Mann v. United States of America

Filing 41

ORDER granting 31 Defendant's Second Motion for Summary Judgment. The Clerk is kindly directed to enter judgment in favor of the United States and terminate this action. Signed by Magistrate Judge Lawrence O Anderson on 6/12/12.(LSP)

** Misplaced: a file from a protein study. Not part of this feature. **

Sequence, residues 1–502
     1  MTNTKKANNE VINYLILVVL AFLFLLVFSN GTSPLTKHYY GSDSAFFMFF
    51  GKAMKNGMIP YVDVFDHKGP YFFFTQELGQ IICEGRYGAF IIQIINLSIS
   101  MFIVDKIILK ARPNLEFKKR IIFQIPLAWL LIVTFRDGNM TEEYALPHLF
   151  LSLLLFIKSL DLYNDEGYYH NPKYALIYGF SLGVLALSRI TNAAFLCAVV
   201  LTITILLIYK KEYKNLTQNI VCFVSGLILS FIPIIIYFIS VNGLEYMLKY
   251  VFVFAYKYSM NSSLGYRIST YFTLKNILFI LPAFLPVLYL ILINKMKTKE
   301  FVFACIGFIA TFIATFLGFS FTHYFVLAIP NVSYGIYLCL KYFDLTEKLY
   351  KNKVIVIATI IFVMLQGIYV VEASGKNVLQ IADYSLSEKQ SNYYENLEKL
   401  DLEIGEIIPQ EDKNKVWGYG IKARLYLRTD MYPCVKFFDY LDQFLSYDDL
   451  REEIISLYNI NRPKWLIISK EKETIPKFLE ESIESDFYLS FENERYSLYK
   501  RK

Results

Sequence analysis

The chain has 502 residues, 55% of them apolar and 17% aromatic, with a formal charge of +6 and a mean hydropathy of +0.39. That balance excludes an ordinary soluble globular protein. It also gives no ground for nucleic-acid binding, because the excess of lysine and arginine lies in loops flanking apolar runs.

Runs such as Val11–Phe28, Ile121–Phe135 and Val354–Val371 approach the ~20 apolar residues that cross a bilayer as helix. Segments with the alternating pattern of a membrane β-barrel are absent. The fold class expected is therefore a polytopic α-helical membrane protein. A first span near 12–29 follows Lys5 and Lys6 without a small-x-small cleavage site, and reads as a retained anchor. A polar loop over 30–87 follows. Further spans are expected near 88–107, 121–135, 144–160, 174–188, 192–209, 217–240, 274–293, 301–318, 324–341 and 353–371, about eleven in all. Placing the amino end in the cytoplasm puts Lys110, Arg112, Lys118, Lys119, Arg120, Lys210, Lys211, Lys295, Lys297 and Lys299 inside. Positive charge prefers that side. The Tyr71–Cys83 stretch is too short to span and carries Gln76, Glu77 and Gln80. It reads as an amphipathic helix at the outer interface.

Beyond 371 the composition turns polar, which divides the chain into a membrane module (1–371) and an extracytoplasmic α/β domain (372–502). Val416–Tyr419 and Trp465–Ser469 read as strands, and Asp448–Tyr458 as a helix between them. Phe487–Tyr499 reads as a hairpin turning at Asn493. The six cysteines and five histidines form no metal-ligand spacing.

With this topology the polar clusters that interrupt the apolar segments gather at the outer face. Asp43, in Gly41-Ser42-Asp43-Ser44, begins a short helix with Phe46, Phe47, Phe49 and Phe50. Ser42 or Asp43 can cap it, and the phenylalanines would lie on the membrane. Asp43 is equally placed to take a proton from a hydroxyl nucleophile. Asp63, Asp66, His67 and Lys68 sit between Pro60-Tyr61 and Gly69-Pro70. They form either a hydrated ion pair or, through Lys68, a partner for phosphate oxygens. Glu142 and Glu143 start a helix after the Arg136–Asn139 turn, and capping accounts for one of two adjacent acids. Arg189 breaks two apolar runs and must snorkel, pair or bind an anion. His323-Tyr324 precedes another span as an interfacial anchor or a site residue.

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1 WO 2 3 4 5 6 IN THE UNITED STATES DISTRICT COURT 7 FOR THE DISTRICT OF ARIZONA 8 9 Marie Mann, 10 11 Plaintiff, vs. 12 United States of America, 13 Defendant. 14 ) ) ) ) ) ) ) ) ) ) ) ) No. CV-11-8018-PCT-LOA ORDER 15 The United States (the “Government”) moves for summary judgment on Plaintiff’s 16 claims for negligence under the doctrine of res ipsa loquitur. (Doc. 31) The Government 17 contends that Plaintiff may not rely upon res ipsa loquitur under Arizona law where, as here, 18 1) the alleged injury was not caused by patently outrageous behavior or circumstances that 19 would be within the common knowledge of lay persons; and 2) Plaintiff was in a position to 20 show the particular circumstances that caused her injuries. (Id. at 1) The Court has previously 21 precluded Plaintiff’s medical liability expert witness from testifying in this action due to 22 Plaintiff’s failure to comply with Arizona substantive law regarding expert witnesses. See 23 Mann v. U.S., 2012 WL 273690 (D.Ariz. January 31, 2012). (Doc. 29) The Court expressly 24 reserved ruling on the applicability of the doctrine of res ipsa loquitur pending further 25 motion and briefing by the parties. (Id. at 11) 26 After considering the briefing and applicable law, the Court grants summary judgment 27 in favor of the Government and terminates this action. 28 1 I. Background 2 On November 26, 2007, Plaintiff was admitted to Fort Defiance Indian Hospital (the 3 “hospital”), located near Window Rock, Arizona, for in-patient medical care and treatment 4 with pains in her chest and abdomen, weakness, and blood loss. (Doc. 1, ¶¶ 9-10 at 3) On 5 December 1, 2007, Plaintiff “fell from the toilet after being left unattended in the bathroom 6 and broke her left femur.” (Id., ¶¶ 12-13 at 3) The hospital is an Indian Health Service 7 facility, operating under the jurisdiction of the United States Department of Health and 8 Human Services, pursuant to a contract with Defendant United States of America. (Id., ¶ 3) 9 Pursuant to various federal statutes, the hospital provides medical care to Native Americans, 10 like Plaintiff, a member and resident of the Navajo Nation. (Id., ¶¶ 3, 6) 11 A. The Allegations 12 The Complaint alleges the hospital’s medical personnel involved in Plaintiff’s care 13 committed numerous acts of negligence and carelessness by failing to meet the standards of 14 reasonable care, skill, and practice required of members of the medical and nursing 15 professions, to wit: 16 1. negligently and carelessly failing adequately to supervise and care for Ms. Mann; 17 2. negligently and carelessly failing to provide Ms. Mann with proper medical care; 18 3. negligently and carelessly failing to respond to Ms. Mann’s need for assistance; 19 4. negligently and carelessly leaving Ms. Mann alone and unattended on the toilet in her weakened state; 20 21 22 5. negligently and carelessly failing to measure up to the requisite standards of care and skill required and observed in the field of medicine, and in further particulars presently unknown to plaintiffs, but which are verily believed and alleged will be disclosed during discovery in the course of the litigation. 23 (Id., ¶ 17) Plaintiff contends these negligent acts or omissions were conducted by employees 24 of the hospital, which “direct[ly] and proximate[ly] cause[d]” Plaintiff’s injuries; and the 25 Government “is liable for the acts of its employees acting within the course and scope of 26 their employment relationship.” (Id., ¶¶ 18-20) 27 The Government does not dispute that the hospital’s employees were acting within 28 -2- 1 the scope of their employment at the time of Plaintiff’s injury, but denies its employees were 2 medically negligent, caused Plaintiff’s injuries, and avers that “[t]he United States of 3 America [is] liable only in the same manner and to the same extent as a private individual 4 under like circumstances.” (Docs. 7, ¶ IV at 5) 5 The Government moves for summary judgment because “Plaintiff cannot pursue res 6 ipsa loquitur where she cannot show that she [was] not in a position to show the particular 7 circumstances that caused her injuries.” (Doc. 31 at 1) Having lost the use of her expert 8 witness for failing to comply with Arizona substantive law, Plaintiff may not now rely on the 9 doctrine of res ipsa loquitur to establish a prima facie case of medical negligence and 10 causation. “[A]rizona law has never applied the res ipsa loquitur doctrine to relieve a 11 claimant of the necessity of securing expert testimony when such testimony would be 12 required to establish the prerequisites for applying the doctrine[,]” citing Sanchez v. Old 13 Pueblo Anesthesia, P.C., 218 Ariz. 317, 321, 183 P.3d 1285, 1289 (Az.Ct.App. 2008) 14 (quoting Ward v. Mount Calvary Lutheran Church, 178 Ariz. 350, 355, 873 P.2d 688, 693 15 (Az.Ct.App. 1994)). (Id. at 2-3) 16 Plaintiff’s Statement of Facts, doc. 38,1 contains inadmissible hearsay, but the 17 Government has not filed either an objection or controverting statement of facts to the 18 inadmissible portions of Plaintiff’s Statement of Facts. Pursuant to Rule 56(e)(2), 19 Fed.R.Civ.P., the Court will consider these facts as undisputed for purposes of this motion. 20 See Rule 56(e)(2), Fed.R.Civ.P. Thus, Plaintiff relies on the following facts to justify use of 21 the res ipsa loquitur doctrine or, in other words, the lack of necessity to present a standard- 22 of-care expert at trial. 23 It is undisputed that on November 26, 2007, Plaintiff, age 63, was admitted to the 24 hospital’s emergency room with acute symptoms of chest pain, tachycardia, and anemia, and 25 a history of black stools. (PSOF, ¶ 1; doc. 38-17 at 1, Exh. 17) Her medical history included 26 27 28 1 Plaintiff’s Statement of Facts are referred to as “PSOF” throughout this order. (Doc. 38 at 1-6) -3- 1 severe osteoporosis, Type II diabetes, and cardiac abnormalities. (Id.) Plaintiff was admitted 2 to the hospital’s intensive care unit (“ICU”) with a diagnosis of anemia (low red blood cells) 3 that was likely due to an upper GI blood loss, tachycardia (rapid heart rate) due to 4 dehydration, and/or hypoxemia (deficient oxygenation of the blood). (Id.) (footnote omitted). 5 On November 27, while a patient in the emergency room and ICU, Plaintiff was confused 6 at times, and very fatigued. (PSOF, ¶ 2) On December 1, Plaintiff was transferred to the 7 medical surgical floor. Her level of functioning at this time required assistance with her 8 ADLs (activities of daily living), basic hygiene, and transfers, and her “Patient Care 9 Classification” indicated that during “movement/transportation” she required an assistant for 10 all shifts. (PSOF, ¶¶ 10-12) That same day, Plaintiff continued to be fatigued and feeble. 11 (PSOF, ¶ 14) A nursing assessment indicated Plaintiff experienced shortness of breath upon 12 exertion, had “crackles” in both lungs, required oxygen by a nasal cannula, had limited range 13 of movement with unsteady gait, generalized weakness, and used a cane. (Id.) While a patient 14 on the medical surgical floor, “fall risk signage” was posted outside of Plaintiff’s room. 15 (PSOF, ¶ 17) The exact wording of the sign was not provided to the Court. 16 On December 1, at 8:30 p.m., after visiting hours were over, a nurse’s aide assisted 17 Plaintiff to the bathroom. (PSOF, ¶ 19) The nurse’s aide verbally reminded Plaintiff to call 18 her when Plaintiff was ready to get up off the toilet. (Doc. 38-16 at 1, Exh. 16) (“2030 Nurse 19 aid assisted pt to bathroom. Reminded to call when ready to get up. Nurse passed by room 20 pt yelled and was on floor in the bathroom. Called for help. . . .”) It is unknown how long 21 Plaintiff had been left alone on the commode before the nurse’s aide heard her yell and found 22 Plaintiff on the floor in the bathroom. (Id.) It is undisputed that as a result of Plaintiff’s fall 23 off the toilet, she fractured her left distal femur and needed surgery. (PSOF, ¶¶ 20, 23) She 24 does not recall how she fell and has “only an uncertain recollection of the circumstances prior 25 to [my] fall and immediately after [my] fall.” (Exh. 1, Affidavit of Plaintiff, ¶ 13; doc. 38-1 26 at 2) Plaintiff does not provide any evidence of the medical significance of Plaintiff’s blood 27 work on the issues of liability and causation in her Statement of Facts. 28 -4- 1 II. Jurisdiction 2 Federal courts may exercise jurisdiction over claims only when authorized by the 3 Constitution or federal statute. Exxon Mobil Corp. v. Allapattah Services, Inc., 545 U.S. 546, 4 552 (2005); Kokkonen v. Guardian Life Ins. Co. of Am., 511 U.S. 375, 377 (1994). In 28 5 U.S.C. § 1331, Congress granted federal courts jurisdiction to adjudicate cases arising under 6 the United States Constitution or federal statutes. 28 U.S.C. § 1331. The Federal Tort Claims 7 Act (“FTCA”) specifies that 8 9 10 11 [d]istrict courts . . . have exclusive jurisdiction of civil actions on claims against the United States, for money damages . . . for injury or loss of property, or personal injury or death caused by the negligent or wrongful act or omission of any employee of the Government while acting within the scope of his office or employment, under circumstances where the United States, if a private person, would be liable to the claimant in accordance with the law of the place where the act or omission occurred. 12 13 14 15 16 17 18 19 20 21 22 23 24 25 26 27 28 28 U.S.C. § 1346(b)(1); Jerves v. United States, 966 F.2d 517, 518 (9th Cir. 1992) (The FTCA “vests the federal district courts with exclusive jurisdiction over suits arising from the negligence of Government employees.”); Sierra v. Lincoln Family Medicine, 2008 WL 5068807, * 2 (D.Or. November 24, 2008). Additionally, all parties have consented in writing to magistrate-judge jurisdiction, pursuant to 28 U.S.C. § 636(c). (Doc. 15) III. Summary Judgment Standard A district court must grant summary judgment if the pleadings and supporting documents, viewed in the light most favorable to the nonmoving party, “show that there is no genuine issue as to any material fact and that the moving party is entitled to judgment as a matter of law.” Rule 56(c); Celotex Corp. v. Catrett, 477 U.S. 317, 322-23 (1986); Jesinger v. Nevada Fed. Credit Union, 24 F.3d 1127, 1130 (9th Cir. 1994). Substantive law determines which facts are material. Anderson v. Liberty Lobby, Inc., 477 U.S. 242, 248 (1986); Jesinger, 24 F.3d. at 1130. In addition, “[o]nly disputes over facts that might affect the outcome of the suit under the governing law will properly preclude the entry of summary judgment.” Anderson, 477 U.S. at 248. The dispute must be genuine, that is, “the evidence is such that a reasonable jury could return a verdict for the nonmoving party.” Id. Summary -5- 1 judgment is appropriate against a party who “fails to make a showing sufficient to establish 2 the existence of an element essential to that party’s case, and on which that party will bear 3 the burden of proof at trial.” Id. at 322; Citadel Holding Corp. v. Roven, 26 F.3d 960, 964 4 (9th Cir. 1994). The moving party need not disprove matters on which the opponent has the 5 burden of proof at trial. Celotex, 477 U.S. at 323. The party opposing summary judgment 6 “may not rest upon the mere allegations or denials of [the party’s] pleadings, but . . . must 7 set forth specific facts showing that there is a genuine issue for trial.” Rule 56(e); Matsushita 8 Elec. Indus. Co., Ltd. v. Zenith Radio Corp., 475 U.S. 574, 586-87 (1986); Brinson v. Lind 9 Rose Joint Venture, 53 F.3d 1044, 1049 (9th Cir. 1995). There is no issue for trial unless 10 there is sufficient evidence favoring the nonmoving party. If the evidence is merely colorable 11 or is not significantly probative, summary judgment may be granted. Anderson, 477 U.S. at 12 249-50. However, “[t]he evidence of the non-movant is to be believed, and all justifiable 13 inferences are to be drawn in his [or her] favor.” Id. at 255 (citing Adickes v. S.H. Kress & 14 Co., 398 U.S. 144, 158-59 (1970)). 15 IV. Governing Law 16 A. The Federal Tort Claims Act 17 The Federal Tort Claims Act is the exclusive remedy for suits against the United 18 States or its agencies sounding in tort. 28 U.S.C. § 2679(b)(1); United States v. Smith, 499 19 U.S. 160, 161-62 (1991); FDIC v. Craft, 157 F.3d 697, 706 (9th Cir. 1998) (“FTCA is the 20 exclusive remedy for tortious conduct”). The FTCA is a limited waiver of the United States’s 21 sovereign immunity, authorizing a plaintiff to sue the United States for damages in 22 compensation for injuries resulting from certain torts of employees of the Government acting 23 within the scope of their employment. 28 U.S.C. § 1346(b). “The FTCA ‘was designed . . 24 . to render the Government liable in tort as a private individual would be under like 25 circumstances.’” Sosa v. Alvarez-Machain, 542 U.S. 692, 700 (2004) (citation omitted); 26 O’Toole v. United States, 295 F.3d 1029, 1033 (9th Cir. 2002). The Supreme Court has 27 “[c]onsistently adhered to this ‘private person’ standard.” United States v. Olson, 546 U.S. 28 -6- 1 43, 46 (2005). As a limited waiver of sovereign immunity, the FTCA is strictly construed, 2 and all ambiguities are resolved in favor of the sovereign. United States v. Nordic Village, 3 Inc., 503 U.S. 30, 33 (1992); Williams v. United States, 50 F.3d 299, 305 (4th Cir. 1995). 4 By statute, the FTCA authorizes tort claims “in the same manner and to the same 5 extent as a private individual under like circumstances[.]” 28 U.S.C. § 2674. “[B]ecause 6 ‘there is no general civil tort law applicable to the United States,’ liability is determined 7 under state law.” Young v. United States, 71 F.3d 1238, 1242 (6th Cir. 1995) (citation 8 omitted); Rhoden v. United States, 55 F.3d 428, 430 (9th Cir. 1995) (per curiam). “As a 9 general rule, domestic liability on the part of the federal government under the [FTCA] is 10 determined in accordance with the law of the state where the event giving rise to liability 11 occurred.” Young, 71 F.3d at 1242; see also Craft, 157 F.3d at 706 (“With minor exceptions, 12 FTCA claims are governed ‘in accordance with the law of the place where the act or 13 omission occurred.’ 28 U.S.C. § 1346(b)”); Gil v. Reed, 535 F.3d 551, 558 n. 2 (7th Cir. 14 2008) (“In FTCA cases, state law applies to substantive questions and federal rules govern 15 procedural matters.”). “To determine the liability of a private person, ‘we are to look to the 16 law of the state ‘where the act or omission occurred.’” Thomas v. United States, 2011 WL 17 64028, * 1 (W.D.Ky. January 7, 2011) (quoting Crider v. United States, 885 F.2d 294, 296 18 (5th Cir. 1989) (quoting 28 U.S.C. § 1364(b)). Thus, the Government’s liability, if any, for 19 this FTCA medical negligence action predicated upon the res ipsa loquitur doctrine is 20 determined by Arizona’s substantive tort law. Nunsuch v. United States, 221 F.Supp.2d 21 1027, 1032 (D.Ariz. 2001). 22 Although Arizona law supplies the substantive law governing a FTCA claim, the 23 Federal Rules of Civil Procedure establish the procedural rules for the adjudication of such 24 a claim. Wright v. United States, 2008 WL 820557, * 3 (D.Ariz. March 25, 2008 ) (citing 25 United States v. Yellow Cab Co., 340 U.S. 543, 553 & n. 9 (1951); Taylor v. United States, 26 821 F.2d 1428, 1432 (9th Cir. 1987)). 27 A substantive state law is one that gives rise to “[state-created] rights and obligations 28 -7- 1 in such a way that its application in federal court is required.” Amor v. Arizona, 2010 WL 2 960379, * 6 (D.Ariz. March 15, 2010) (quoting Byrd v. Blue Ridge Rural Elec. Co-op., 356 3 U.S. 525, 535 (1958)). A law is substantive if it would “significantly affect the result of a 4 litigation for a federal court to disregard a law of a State that would be controlling in an 5 action upon the same claim by the same parties in a State court.” Hanna v. Plumer, 380 U.S. 6 460, 466 (1965). The outcome-determinative test must be read with “reference to the twin 7 aims of the Erie rule: discouragement of forum-shopping and avoidance of inequitable 8 administration of the laws.” Id. at 468 (referring to Erie R. Co. v. Tompkins, 304 U.S. 64 9 (1938)). 10 Neither party addresses whether the res ipsa doctrine is procedural in nature in which 11 case federal law controls or substantive in which Arizona law controls. The Ninth Circuit has 12 stated, however, that “[w]hether res ipsa loquitur may be applied to a given set of facts is a 13 question of state law, . . . .” Dunn v. Grand Canyon Airlines, Inc., 66 F.3d 334, * 2 (9th Cir. 14 1995) (citations omitted); see also Daniels v. Twin Oaks Nursing Home, 692 F.2d 1321, 15 1324 (11th Cir. 1983) (“State doctrines of res ipsa loquitur are respected in federal court 16 because the doctrine has assumed the status of a substantive rule of law, affecting plaintif’s 17 burden of proof or production of evidence[.]”); Oresman v. G.D. Searle & Co., 321 F.Supp. 18 449, 454 (D.R.I. 1971) (“Although the doctrine of res ipsa loquitur is an evidentiary rule, the 19 federal courts have uniformly ruled that it is a matter of substance to be governed by state 20 law.”) (citations omitted). 21 B. The Doctrine of Res Ipsa Loquitur 22 Under Ninth Circuit and Arizona law, “[r]es ipsa loquitur is a form of circumstantial 23 evidence that permits an inference of negligence to be drawn from a set of proven facts.” 24 Ashland v. Ling-Temco-Vought, Inc., 711 F.2d 1431, 1437 (9th Cir. 1983) (citation omitted); 25 Brookover v. Roberts Enterprises, Inc., 215 Ariz. 52, 57, 156 P.3d 1157, 1162 (Az.Ct.App. 26 2007) (“[r]es ipsa loquitur is a rule of circumstantial evidence where the trier of fact is 27 permitted . . . to draw an inference of negligence from the happening of an accident of a kind 28 -8- 1 which experience has shown does not normally occur if due care is exercised.”) (citation and 2 internal quotation marks omitted)). In Arizona, “[f]or res ipsa loquitur to be applicable, a 3 plaintiff must show that the accident is of a kind that ordinarily does not occur in the absence 4 of negligence, that the accident was caused by an agency or instrumentality subject to the 5 control of the defendant, and that the plaintiff is not in a position to show the circumstances 6 that caused the agency or instrumentality to operate to its injury. Brookover, 215 Ariz. at 57- 7 58, 156 P.3d at 1162-63 (citing Lowrey v. Montgomery Kone, Inc., 202 Ariz. 190, 192, 42 8 P.3d 621, 623 (Az.Ct.App. 2002)); see also McShane-Powers v. Folkestad, 2012 WL 9 504030, * 2 (Az.Ct.App. February 16, 2012). “A plaintiff who establishes the elements of 10 res ipsa loquitur can avoid summary judgment and reach the jury without direct proof of 11 negligence.” Lowrey, 202 Ariz. at 192, 42 P.3d at 623 (citing Ward v. Mount Calvary 12 Lutheran Church, 178 Ariz. 350, 354, 873 P.2d 688, 692 (Az.Ct.App. 1994)). In Arizona, 13 like the Ninth Circuit, “[w]hether res ipsa loquitur applies is preliminarily a question of law 14 for the court.” Id.; Ashland, 711 F.2d at 1437 (“It is a question of law whether res ipsa may 15 apply to a given set of facts.”) (citation omitted). 16 Because the doctrine of res ipsa loquitur is simply a rule of circumstantial evidence 17 and gives rise to an inference of responsibility for an injury, it need not be pled in the 18 complaint. McKeever v. Phoenix Jewish Community Center, 92 Ariz. 121, 123, 374 P.2d 19 875, 877 (Ariz. 1962) (citing, among others, Eisenbeiss v. Payne, 42 Ariz. 262, 25 P.2d 162 20 (Ariz. 1933)); see Fassbinder v. Pennsylvania Railroad Company, 322 F.2d 859, 863 (3d. 21 Cir. 1963) (en banc) (The doctrine “[d]oes not have to be pleaded in the complaint or 22 ‘noticed’ by specific designation to the adverse party at pre-trial or at trial, since it is neither 23 a cause of action nor a ground for recovery . . . .”). 24 C. Arizona Medical Negligence Law 25 In medical malpractice actions, as in all Arizona negligence actions, a plaintiff must 26 prove the existence of a duty, a breach of that duty, causation, and damages. Seisinger v. 27 Siebel, 220 Ariz. 85, 94, 203 P.3d 483, 492 (Ariz. 2009) (citation omitted); Adeogba v. 28 -9- 1 United States, 2006 WL 2821668, * 2 (D.Ariz. September 27, 2006) (citing Gipson v. Kasey, 2 129 P.3d 957, 960 (Az.Ct.App. 2006)). Under Arizona law, medical malpractice claims are 3 governed by statute. Bailey-Null v. ValueOptions, 221 Ariz. 63, 70, 209 P.3d 1059, 1066 4 (Az.Ct.App. 2009) (citing Nunsuch v. United States, 221 F.Supp.2d 1027, 1032-33 (D.Ariz. 5 2001)). “A medical malpractice action is one ‘for injury or death against a licensed health 6 care provider based upon such provider’s alleged negligence, misconduct, errors or 7 omissions, or breach of contract in the rendering of health care, medical services . . . or other 8 health-related services, without express or implied consent.’” Id. (quoting Arizona Revised 9 Statute (“A.R.S.”) § 12-561(2) (2003)). 10 In a medical negligence case, the “yardstick” by which a physician’s or other 11 healthcare provider’s compliance with his duty is measured is commonly referred to as the 12 “standard of care.” Seisinger, 220 Ariz. at 94, 203 P.3d at 492. A plaintiff must prove 13 negligence by presenting evidence that the healthcare provider fell below the applicable 14 standard of care and that the deviation from the standard of care proximately caused the 15 claimed injury. Ryan v. San Francisco Peaks Trucking Co., Inc., 228 Ariz. 42, 262 P.3d 863, 16 869-70 (Az.Ct.App. 2011) (citing A.R.S. § 12-563); Gregg v. Nat’l Med. Health Care Servs., 17 Inc., 145 Ariz. 51, 54, 699 P.2d 925, 928 (Az.Ct.App. 1985) (expert medical testimony 18 required to establish proximate cause unless a causal relationship is readily apparent to the 19 trier of fact.). “Arizona courts have long held that the standard of care normally must be 20 established by expert medical testimony.” Seisinger, 220 Ariz. at 94, 203 P.3d at 492 21 (citations omitted). A plaintiff must “present expert evidence of the accepted conduct of the 22 profession and the defendant’s deviation from that standard unless the negligence is so 23 grossly apparent that a layman would have no difficulty in recognizing it.” Nunsuch, 221 24 F.Supp.2d at 1032-33 (holding that in an FTCA action for medical malpractice, governing 25 Arizona law requires that where the negligence is not grossly apparent, plaintiff must present 26 expert witness testimony) (citing Valencia v. United States, 819 F.Supp. 1446 (D.Ariz. 27 1993)). If the res ipsa loquitur doctrine applies, allegations of negligence that do not require 28 - 10 - 1 the support of expert testimony typically involve patently outrageous behavior, such as 2 leaving surgical instruments in a patient’s body. See e.g., Rudy v. Meshorer, 706 P.2d 1234, 3 1237 (Az.Ct.App. 1985); Tiller v. Von Pohle, 72 Ariz. 11, 230 P.2d 213 (1951) (holding res 4 ipsa can be used in medical malpractice case in which a cloth sack was found in patient’s 5 body and only one operation occurred); but see McShane-Powers, 2012 WL 504030, * 4 6 (finding the argument that the res ipsa doctrine avoids the affidavit requirement of § 7 12–2603 was “misplaced” because “[i]t is not obvious that a surgeon’s standard of care 8 includes ensuring the absence of surgical material in the patient’s body before completing 9 surgery.”). “In sum, the superior court did not err by requiring McShane-Powers to obtain 10 and serve a preliminary affidavit.” Id. 11 V. The Arguments 12 The Government relies upon Falcher v. St. Luke’s Hosp. Medical Ctr., 19 Ariz. App. 13 247, 506 P.2d 287 (Az.Ct.App. 1973) in support of its argument that Plaintiff’s factual 14 allegations do not qualify for the res ipsa doctrine under Arizona law. (Doc. 31 at 4-5) The 15 Falcher court addressed the “narrow question” of whether the res ipsa doctrine applies when 16 a patient falls from a hospital bed or carts and, following California law, held that it does not 17 because “[a]s a matter of law, that in the common experience of laymen, patients do not 18 ordinarily fall from hospital beds or carts absent a failure to exercise due care.” Falcher, 19 19 Ariz. App. at 251, 506 P.2d at 291. “Thus, the first prerequisite to invocation of the doctrine 20 of [r]es ipsa loquitur set out [under Arizona law, i.e., the accident must be of a kind which 21 ordinarily does not occur in the absence of someone’s negligence], was not met, and the trial 22 judge properly refused to give the plaintiff’s instruction.” Id. 23 The Government argues that the Falcher analysis applies here. “Just as in Falcher, 24 Plaintiff’s alleges that she fell at [a] hospital while being treated. Inquiring into Plaintiff’s 25 allegations necessarily involves soliciting expert medical opinions as to: assessments of the 26 Plaintiff’s medical condition before and leading up to the incident; what changes, if any, 27 effected the judgments of the medical providers in their assessment of allowing Plaintiff to 28 - 11 - 1 toilet herself, the benefits and risks associated with allowing the Plaintiff to toilet herself, and 2 so on.” (Doc. 31 at 4) “[A]s in Falcher, Plaintiff’s allegations are not of the type that may 3 be advanced under res ipsa loquitur because Plaintiff’s alleged harms are not of the sort that 4 fall within ‘common experience.’” (Id.) (footnote omitted2) 5 Plaintiff’s response fails to even discuss Falcher, much less distinguish its facts from 6 those in this case. (Doc. 37) She emphasizes the particular facts in her Statement of Facts, 7 provides little discussion or analysis of res ipsa under Arizona law, and argues “[t]he nurse’s 8 aide assisted plaintiff to the toilet, and left her there. Here, the elements of Cox v. May 9 Department Store, [183 Ariz. 361, 903 P.2d 1119 (Az.Ct.App. 1995)], are clearly met.” She 10 does not explain why Cox is germane when it is, in fact, not helpful to the res ipsa analysis 11 here because Cox involved an escalator rider and her husband who a brought personal injury 12 action under the theory of res ipsa against a department store and an elevator company, for 13 injuries she sustained when her jacket became lodged between moving handrail and 14 stationary guide. Notwithstanding her failure to cite and discuss analogous res ipsa cases, 15 she makes a significant concession when she wrote: “While falls may occur without 16 negligence, equally clearly in this case, plaintiff’s fall would not have occurred but for the 17 failure to provide the assistance which plaintiff’s nursing assessment and patient care 18 classification clearly called for.” (Doc. 37 at 4) (emphasis added). 19 The Government’s reply points out that “Plaintiff provide[d] no case law to suggest 20 that Arizona courts have ever accepted res ipsa loquitur in this type of case[,]” and her 21 22 23 24 25 26 27 28 2 The Court declines the Government invitation to consider and verify the facts referenced in footnote 3 of its Second Motion for Summary Judgment. (Doc. 31 at 4) If the Government believed that these facts contained in its first Statement of Facts, doc. 26, filed in connection with its first summary judgment motion, it should have included them in its second Statement of Facts for the pending motion, doc. 32. A district court should not be required to flip back and forth through the record to find facts relevant to a dispositive motion. Carmen v. San Francisco Unified School District, 237 F.3d 1026, 1029 (9th Cir. 2001) (“The district court need not examine the entire file for evidence establishing a genuine issue of fact, where the evidence is not set forth in the opposing papers with adequate references so that it could conveniently be found.”). - 12 - 1 citations to Coburn v. City of Tucson, 143 Ariz. 50, 691 P.2d 1078 (Ariz. 1984) and 2 Markowitz v. Arizona Parks Bd., 146 Ariz. 352, 706 P.2d 364 (Ariz. 1985) are not helpful 3 to the narrow question before the Court. (Doc. 39 at 1-2) “Coburn involved a suicidal 4 patient at a hospital who jumped out of a fourth story window; Markowitz involved an injury 5 a young man sustained while diving at Lake Havasu.” (Id. at 2) “Neither case addresses res 6 ipsa loquitur, and in any event, Markowitz was superceded by [A.R.S] 33-1551.” (Id.) See 7 Wringer v. United States, 790 F.Supp. 210, 212 (D.Ariz. 1992). 8 VI. Conclusion 9 Arizona law does not favor the res ipsa loquitur doctrine in medical negligence cases 10 in which a hospitalized patient sustains an injury from either a fall or other unexplained 11 occurrence. For forty years from Faris v. Doctors Hospital, Inc., 18 Ariz.App. 264, 501 P.2d 12 440 (Az.Ct.App. 1972) through the 2012 decision McShane-Powers, 2012 WL 504030, 13 Arizona courts have 14 15 16 never applied the res ipsa loquitur doctrine to relieve a claimant of the necessity of securing expert testimony when such testimony would be required to establish the prerequisites for applying the doctrine. Res ipsa loquitur is applicable “‘only when it is a matter of common knowledge among laymen or medical [experts], or both, that the injury would not ordinarily have occurred if due care had been exercised.’” 17 18 19 20 21 22 23 24 25 26 27 28 Id., 2012 WL 504030 at 4 (quoting Sanchez v. Old Pueblo Anesthesia, P.C., 218 Ariz. 317, 321, 183 P.3d 1285, 1289 (Az.Ct.App. 2008)). To apply the res ipsa loquitur doctrine to a patient’s unexplained fall from a hospital toilet in the face of express Arizona authority that the doctrine is inapplicable to patients’ unexplained falls from a hospital bed or emergency room cart would be contrary to the strict construction required of the FTCA. See United States v. Nordic Village, Inc., 503 U.S. 30, 33 (1992) (FTCA is strictly construed, and all ambiguities are resolved in favor of the sovereign). An injury sustained in a fall by a hospitalized patient fails to meet the first element of Arizona’s res ipsa loquitur doctrine as the injury is not “of a kind that ordinarily does not occur in the absence of negligence.” Falcher, 19 Ariz. App. at 251, 506 P.2d at 291 (“We cannot hold, as a matter of law, that in the common experience of laymen, patients do not ordinarily fall from hospital beds or carts - 13 - 1 absent a failure to exercise due care.”). 2 Moreover, as the Government points out, Plaintiff also fails to meet the third res ipsa 3 element that she was not “in a position to show the particular circumstances that caused the 4 offending agency or instrumentality to operate to her injury.” Sanchez, 218 Ariz. at 321, 183 5 P.3d at 1289 (quoting Lowrey , 202 Ariz. at 192, 42 P.3d at 623). While Plaintiff cannot 6 remember the circumstances regarding her fall and there are no known eye witnesses to her 7 fall, “Plaintiff’s recollection of her fall is not the only source of information from which she 8 [has] learned of the circumstances regarding her fall.” (Doc. 39 at 3) Other sources exist, 9 such as, Plaintiff’s medical records which her counsel has used extensively in opposing the 10 Government’s summary judgment motion. Without the benefit of a liability expert and the 11 inapplicability of the res ipsa loquitur doctrine, Plaintiff is unable to establish a prima facie 12 case of medical negligence against the Government. The Court will grant the Government’s 13 Second Motion for Summary Judgment and terminate this case. 14 Based on the foregoing, 15 IT IS ORDERED that Defendant’s Second Motion for Summary Judgment, doc. 31, 16 is GRANTED. The Clerk is kindly directed to enter judgment in favor of the United States 17 and terminate this action. 18 Dated this 12th day of June, 2012. 19 20 21 22 23 24 25 26 27 28 - 14 -